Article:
………… with the most staggering amount of detailed decoration, which eventually leads to the first palace of the Emperor Shah Jahan which was started in 1632 and constructed true to his taste.
But first we were able to get a glimpse, from the high edifice of the fort, across the Yamuna River to the Taj Mahal. A poor view today – in part due to both mist and pollution!
A terrific view across the plains east of Agra.
This beautiful palace sits on top of the largest bastion of the fort.
Known as the Muthamman Burj (king’s tower) this stunning building has detail and craftsmanship to match the Taj Mahal. These palace rooms, with their indoor pool and fountain, ……..
…… have stunning views over the eastern plains.
The artistry in white marble goes on ………
……. and on ……..
…… and on! The wealth and power of the Mogul emperors, which culminated in Shah Jahan’s rule (1628 – 1658) can be easily seen in this palace. Shah Jahan’s old age passed in “agony and disgust” at the hands of his son and, after that, the mogul dynasty was an incompetent succession (quote) until the British took control in 1857.
We left the fort, by the same way as we’d arrived, but this final view of the Water Gate and courtyard shows the immense size and beauty of this building.
After the fort our guide for the day, Ali, took us to the other side of Yamuna River where few visitors go.
There, opposite the Taj Mahal were the remains of the pleasure gardens (Mehtab Bahg) and the pavilion with fountains and pools from which the Taj Mahal was to be viewed across the river.
This garden complex is being restored to give a better idea of it’s former glory but it was amazing to see such beautifully preserved remnants of the pavilion lying around unprotected.
With the restricted visibility, and the sun in the western sky, the Taj Mahal took on almost a silhouette look from our position across the river.
This is Doug with our guide, Ali, who showed us around for the day, gave us all the time we needed to enjoy the sights, gave us help and guidance and directed us to a lovely restaurant for lunch. He then took us back to the railway station and asked for only 1000 rupees. (£12 we gave him more!)
Our last sight of the stunning Taj Mahal before our departure.
From Agra we’d booked the Gatiman Express back to Delhi. It’s India’s fastest train and cuts the normal travelling time from almost 3 hours down to 1hr 40 min! The accommodation was terrific, with airline service and a very good meal, but the track needs a bit of upgrading!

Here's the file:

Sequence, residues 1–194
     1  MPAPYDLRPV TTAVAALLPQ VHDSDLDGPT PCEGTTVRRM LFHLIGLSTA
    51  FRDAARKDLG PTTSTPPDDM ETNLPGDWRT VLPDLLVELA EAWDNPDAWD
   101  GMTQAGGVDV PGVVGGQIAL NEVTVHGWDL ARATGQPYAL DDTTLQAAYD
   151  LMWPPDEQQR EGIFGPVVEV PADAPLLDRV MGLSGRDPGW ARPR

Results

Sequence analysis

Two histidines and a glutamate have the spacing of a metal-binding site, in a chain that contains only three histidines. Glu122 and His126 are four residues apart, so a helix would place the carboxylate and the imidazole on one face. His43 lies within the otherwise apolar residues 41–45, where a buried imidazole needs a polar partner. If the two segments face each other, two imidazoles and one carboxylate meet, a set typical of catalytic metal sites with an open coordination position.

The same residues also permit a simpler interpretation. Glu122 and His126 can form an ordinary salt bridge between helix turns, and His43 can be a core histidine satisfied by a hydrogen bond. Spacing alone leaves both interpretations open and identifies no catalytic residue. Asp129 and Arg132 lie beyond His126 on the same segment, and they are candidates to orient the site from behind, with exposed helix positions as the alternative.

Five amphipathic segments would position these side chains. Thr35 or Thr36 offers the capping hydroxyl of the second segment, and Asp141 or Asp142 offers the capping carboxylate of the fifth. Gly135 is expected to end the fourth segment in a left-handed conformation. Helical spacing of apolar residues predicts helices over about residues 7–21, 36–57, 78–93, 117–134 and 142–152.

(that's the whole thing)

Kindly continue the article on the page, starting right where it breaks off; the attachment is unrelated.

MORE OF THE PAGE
Back in Delhi, and after the fast train ride back from Agra, we came across a more sedate way of transportation!
On our last day in Delhi we caught up with friend Ujjwal, who managed to get away from running his own events management company, to spend the afternoon with us. It was really good to be able to catch up with him and we look forward to the next time we can enjoy the pleasure of his company.
From our taxi back to the airport James managed to get a photo of one of the many signs on the perimeter wall of an air force establishment! We have to say we felt very safe in Delhi – the warnings given by tourist organisations about finding your own way around the city are incorrect (Ujjwal was to agree with our view that making one’s own arrangements are both safe and a great deal cheaper) but Delhi is under a constant state of high security alert at the moment (as we found during our stay). However, we didn’t see anyone getting shot!
We had a tremendous six days in Delhi and Agra. We saw some of the most amazing sights and glimpsed both the wealth and abject poverty that exists in the city. It’s not a city that you can walk around as distances are vast and it can be exhausting at times. The Taj Mahal is a real “must see”.